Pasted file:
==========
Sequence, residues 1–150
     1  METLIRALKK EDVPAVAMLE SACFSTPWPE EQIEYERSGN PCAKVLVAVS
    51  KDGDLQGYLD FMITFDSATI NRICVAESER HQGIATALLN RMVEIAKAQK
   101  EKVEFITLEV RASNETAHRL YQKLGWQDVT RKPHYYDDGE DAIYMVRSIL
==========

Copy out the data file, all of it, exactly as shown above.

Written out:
Sequence, residues 1–150
     1  METLIRALKK EDVPAVAMLE SACFSTPWPE EQIEYERSGN PCAKVLVAVS
    51  KDGDLQGYLD FMITFDSATI NRICVAESER HQGIATALLN RMVEIAKAQK
   101  EKVEFITLEV RASNETAHRL YQKLGWQDVT RKPHYYDDGE DAIYMVRSIL